One Gallant Rush
by Peter Burchard
Desperate courage almost always assures historical immortality to those who embrace death for cause and comrade. There are instances, however, when our collective memory fails us, when we purposefully induce amnesia to forget troubling aspects of our past. The African-American soldiers of the famous 54th Massachusetts Infantry were, like so many of their black comrades, whitewashed out of history. In the aftermath of the unit’s failed charge against Battery Wagner on July 18, 1863, the Northern press celebrated the 54th’s heroism, but the regiment’s actions gradually receded in the American conscience. By the 20th century, the image of Union and Confederate veterans shaking hands in brotherly reunion eclipsed all other remembrances of the Civil War.
The decisive contributions of black soldiers went virtually unrecognized by the general public until 1989, when the movie Glory fully restored the 54th’s place in history. This important film was loosely based on Peter Burchard’s One Gallant Rush: Robert Gould Shaw & His Brave Black Regiment, published in 1965 at the close of the Civil War Centennial. Racial themes were typically ignored during the centennial, but Burchard, to his credit, resisted the popular political and cultural currents of the day. He believed that popular historical writing could have a lasting impact if it challenged people’s treasured conceptions of the past. Burchard did so by telling a story of black soldiers fighting for their own freedom, a historical narrative that clashed with the common American belief that the war was strictly fought between white people.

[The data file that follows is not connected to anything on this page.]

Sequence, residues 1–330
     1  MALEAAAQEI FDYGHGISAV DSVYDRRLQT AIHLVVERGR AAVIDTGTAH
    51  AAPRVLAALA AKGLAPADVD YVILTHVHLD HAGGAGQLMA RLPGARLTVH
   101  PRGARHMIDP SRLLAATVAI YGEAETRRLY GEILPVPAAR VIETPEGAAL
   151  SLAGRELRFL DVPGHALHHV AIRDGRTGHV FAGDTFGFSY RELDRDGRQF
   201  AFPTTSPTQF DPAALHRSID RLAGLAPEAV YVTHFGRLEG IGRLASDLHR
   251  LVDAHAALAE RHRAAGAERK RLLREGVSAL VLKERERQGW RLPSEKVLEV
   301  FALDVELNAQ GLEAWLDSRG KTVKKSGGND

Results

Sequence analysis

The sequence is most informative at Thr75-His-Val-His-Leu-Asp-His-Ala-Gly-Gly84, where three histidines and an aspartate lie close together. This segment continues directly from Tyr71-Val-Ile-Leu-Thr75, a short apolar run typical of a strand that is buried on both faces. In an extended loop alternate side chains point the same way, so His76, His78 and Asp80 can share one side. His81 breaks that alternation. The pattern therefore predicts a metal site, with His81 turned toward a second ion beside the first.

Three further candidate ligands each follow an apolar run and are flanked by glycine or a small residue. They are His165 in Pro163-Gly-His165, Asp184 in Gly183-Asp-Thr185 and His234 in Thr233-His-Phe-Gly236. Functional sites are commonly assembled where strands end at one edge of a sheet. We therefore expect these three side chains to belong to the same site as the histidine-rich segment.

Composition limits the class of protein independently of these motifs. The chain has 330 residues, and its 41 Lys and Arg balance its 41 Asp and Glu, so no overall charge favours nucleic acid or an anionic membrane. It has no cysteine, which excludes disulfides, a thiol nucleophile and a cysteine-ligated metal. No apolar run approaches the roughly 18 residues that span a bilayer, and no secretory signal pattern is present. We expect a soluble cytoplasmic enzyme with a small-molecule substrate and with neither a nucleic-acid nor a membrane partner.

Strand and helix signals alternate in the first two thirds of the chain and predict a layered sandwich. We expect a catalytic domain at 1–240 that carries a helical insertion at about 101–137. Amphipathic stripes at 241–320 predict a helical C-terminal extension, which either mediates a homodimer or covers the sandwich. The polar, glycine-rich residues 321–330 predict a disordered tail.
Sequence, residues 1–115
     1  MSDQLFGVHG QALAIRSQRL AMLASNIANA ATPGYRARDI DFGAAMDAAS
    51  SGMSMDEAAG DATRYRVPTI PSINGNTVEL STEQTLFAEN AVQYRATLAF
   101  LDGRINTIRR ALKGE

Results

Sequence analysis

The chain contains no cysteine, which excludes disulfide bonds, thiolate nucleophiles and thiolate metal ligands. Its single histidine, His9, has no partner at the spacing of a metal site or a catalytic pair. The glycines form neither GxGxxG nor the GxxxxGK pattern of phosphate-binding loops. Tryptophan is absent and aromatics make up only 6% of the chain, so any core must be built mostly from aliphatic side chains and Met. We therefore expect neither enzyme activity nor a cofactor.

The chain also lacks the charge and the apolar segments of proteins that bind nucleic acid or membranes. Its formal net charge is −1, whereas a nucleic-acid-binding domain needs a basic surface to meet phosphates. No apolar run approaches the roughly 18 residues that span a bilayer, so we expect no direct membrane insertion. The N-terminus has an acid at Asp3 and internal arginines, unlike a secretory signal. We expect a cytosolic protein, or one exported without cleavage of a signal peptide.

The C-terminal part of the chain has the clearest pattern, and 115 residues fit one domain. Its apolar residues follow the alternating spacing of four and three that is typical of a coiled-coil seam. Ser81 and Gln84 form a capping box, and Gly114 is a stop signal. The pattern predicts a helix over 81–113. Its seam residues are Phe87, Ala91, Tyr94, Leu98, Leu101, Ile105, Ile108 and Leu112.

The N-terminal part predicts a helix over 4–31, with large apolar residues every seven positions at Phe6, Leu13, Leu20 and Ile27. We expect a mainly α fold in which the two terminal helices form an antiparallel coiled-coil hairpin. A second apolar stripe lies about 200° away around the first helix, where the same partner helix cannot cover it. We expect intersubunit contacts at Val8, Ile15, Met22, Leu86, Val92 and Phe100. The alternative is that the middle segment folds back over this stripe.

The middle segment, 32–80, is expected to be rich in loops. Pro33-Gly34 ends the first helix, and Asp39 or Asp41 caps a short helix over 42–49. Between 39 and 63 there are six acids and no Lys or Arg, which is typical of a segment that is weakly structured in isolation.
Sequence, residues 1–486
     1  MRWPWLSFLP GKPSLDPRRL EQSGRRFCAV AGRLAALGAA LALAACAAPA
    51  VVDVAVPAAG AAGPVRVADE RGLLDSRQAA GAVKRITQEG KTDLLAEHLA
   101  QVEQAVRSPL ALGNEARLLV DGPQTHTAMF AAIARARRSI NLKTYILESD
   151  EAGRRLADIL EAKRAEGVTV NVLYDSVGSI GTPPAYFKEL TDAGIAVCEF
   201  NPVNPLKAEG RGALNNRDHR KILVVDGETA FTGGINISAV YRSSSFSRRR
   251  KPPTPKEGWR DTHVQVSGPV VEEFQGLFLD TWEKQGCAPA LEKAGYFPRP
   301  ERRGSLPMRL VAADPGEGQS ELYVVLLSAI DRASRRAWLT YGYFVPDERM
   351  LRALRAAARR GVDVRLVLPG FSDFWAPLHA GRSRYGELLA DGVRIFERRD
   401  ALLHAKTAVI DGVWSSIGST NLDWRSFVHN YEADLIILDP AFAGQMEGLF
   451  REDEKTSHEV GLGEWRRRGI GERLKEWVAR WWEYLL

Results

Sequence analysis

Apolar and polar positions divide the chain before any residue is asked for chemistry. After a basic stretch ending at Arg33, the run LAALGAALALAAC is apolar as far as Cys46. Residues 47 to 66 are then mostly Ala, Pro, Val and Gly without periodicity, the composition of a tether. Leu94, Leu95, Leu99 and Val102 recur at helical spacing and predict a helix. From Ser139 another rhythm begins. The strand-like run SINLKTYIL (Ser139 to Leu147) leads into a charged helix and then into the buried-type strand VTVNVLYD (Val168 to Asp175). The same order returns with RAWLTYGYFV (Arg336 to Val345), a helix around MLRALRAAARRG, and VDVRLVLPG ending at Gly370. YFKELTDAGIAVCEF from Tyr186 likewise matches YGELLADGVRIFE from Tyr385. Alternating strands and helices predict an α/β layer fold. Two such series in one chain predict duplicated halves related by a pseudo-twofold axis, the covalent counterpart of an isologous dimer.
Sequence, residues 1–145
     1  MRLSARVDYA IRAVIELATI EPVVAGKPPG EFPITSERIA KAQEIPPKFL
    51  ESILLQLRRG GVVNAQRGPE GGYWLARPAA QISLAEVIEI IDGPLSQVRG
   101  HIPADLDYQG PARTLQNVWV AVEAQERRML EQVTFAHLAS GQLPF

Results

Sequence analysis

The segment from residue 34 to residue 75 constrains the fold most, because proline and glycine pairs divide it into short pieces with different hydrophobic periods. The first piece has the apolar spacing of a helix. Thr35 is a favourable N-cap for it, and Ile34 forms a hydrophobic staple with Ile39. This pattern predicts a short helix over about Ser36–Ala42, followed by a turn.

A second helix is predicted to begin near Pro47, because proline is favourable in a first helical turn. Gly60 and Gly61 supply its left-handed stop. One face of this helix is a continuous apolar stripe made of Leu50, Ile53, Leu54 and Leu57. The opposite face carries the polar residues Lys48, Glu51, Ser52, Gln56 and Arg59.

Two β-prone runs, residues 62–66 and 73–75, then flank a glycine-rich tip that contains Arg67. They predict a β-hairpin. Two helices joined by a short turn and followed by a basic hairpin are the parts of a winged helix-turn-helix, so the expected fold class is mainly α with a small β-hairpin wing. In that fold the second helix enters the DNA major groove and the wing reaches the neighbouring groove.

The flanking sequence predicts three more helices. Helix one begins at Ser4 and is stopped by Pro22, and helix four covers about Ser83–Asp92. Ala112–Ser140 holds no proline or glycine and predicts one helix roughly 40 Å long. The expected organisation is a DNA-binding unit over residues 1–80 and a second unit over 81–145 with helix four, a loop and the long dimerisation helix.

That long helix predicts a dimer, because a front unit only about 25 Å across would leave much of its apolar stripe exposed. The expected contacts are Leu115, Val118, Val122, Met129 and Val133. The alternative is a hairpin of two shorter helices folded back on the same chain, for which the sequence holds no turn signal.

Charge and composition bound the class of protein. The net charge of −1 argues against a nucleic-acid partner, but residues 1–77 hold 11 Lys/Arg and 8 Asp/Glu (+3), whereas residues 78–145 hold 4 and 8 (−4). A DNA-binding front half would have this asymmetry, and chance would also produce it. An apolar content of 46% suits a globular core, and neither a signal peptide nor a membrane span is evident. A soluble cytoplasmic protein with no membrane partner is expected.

Despite obvious connections be – tween his subject and current events of the 1960s, Burchard refused to turn One Gallant Rush into a polemic for the Civil Rights movement. He focused instead on the regiment’s experiences, from its bleak training days at Readville, Mass., in early 1862 to its catastrophic charge against Wagner. But he didn’t want this book to be simply a unit history; it reads like a biography of the regiment’s commander, Shaw. Burchard devotes attention to Shaw’s youth and education as well as his military experiences. We see a sophisticated, sensitive young man who possessed deep antislavery feelings but feared that emancipation might unhinge the Union war effort by unleashing a savage form of retaliatory warfare. Shaw eventually saw his command as a chance to unite his moderate political opinions against slavery with his commitment to black liberty.
Unfortunately we do not hear the voices of the black men in One Gallant Rush. Bur chard pays little attention to the rank and file—if he had, he could have produced a history that showed the intimate connections between white and black men struggling to reconcile the principles of human freedom with the prejudices, violence and harsh discipline that defined life in the Union Army.
Originally published in the February 2010 issue of Civil War Times. To subscribe, click here.